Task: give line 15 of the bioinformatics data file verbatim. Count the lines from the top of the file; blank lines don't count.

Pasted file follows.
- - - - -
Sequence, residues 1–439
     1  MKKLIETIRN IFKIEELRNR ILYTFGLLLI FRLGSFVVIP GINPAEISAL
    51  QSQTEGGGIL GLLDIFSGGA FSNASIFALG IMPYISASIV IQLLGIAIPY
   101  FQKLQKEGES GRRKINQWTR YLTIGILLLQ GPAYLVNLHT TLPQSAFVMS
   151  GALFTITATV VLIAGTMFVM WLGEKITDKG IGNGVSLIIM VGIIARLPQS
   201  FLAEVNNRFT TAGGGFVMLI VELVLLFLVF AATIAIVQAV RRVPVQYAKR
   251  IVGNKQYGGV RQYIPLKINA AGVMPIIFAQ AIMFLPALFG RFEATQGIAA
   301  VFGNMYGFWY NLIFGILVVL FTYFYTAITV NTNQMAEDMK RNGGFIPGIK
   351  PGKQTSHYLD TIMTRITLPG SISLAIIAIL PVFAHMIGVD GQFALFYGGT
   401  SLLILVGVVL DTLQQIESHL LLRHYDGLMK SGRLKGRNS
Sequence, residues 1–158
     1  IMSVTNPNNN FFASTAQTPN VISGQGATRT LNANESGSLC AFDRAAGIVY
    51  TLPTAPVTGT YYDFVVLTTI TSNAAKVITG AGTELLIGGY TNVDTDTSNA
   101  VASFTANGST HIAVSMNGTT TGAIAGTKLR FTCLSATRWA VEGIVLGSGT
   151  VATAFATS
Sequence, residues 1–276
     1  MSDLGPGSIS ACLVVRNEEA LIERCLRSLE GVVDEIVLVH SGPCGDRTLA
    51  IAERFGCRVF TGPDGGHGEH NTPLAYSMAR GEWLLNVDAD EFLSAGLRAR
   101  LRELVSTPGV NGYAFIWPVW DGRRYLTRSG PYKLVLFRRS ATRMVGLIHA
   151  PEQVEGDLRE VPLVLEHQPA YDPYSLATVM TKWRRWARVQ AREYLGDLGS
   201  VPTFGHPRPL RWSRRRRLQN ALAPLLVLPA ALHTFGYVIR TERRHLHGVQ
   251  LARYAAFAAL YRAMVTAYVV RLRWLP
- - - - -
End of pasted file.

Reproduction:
   151  VATAFATS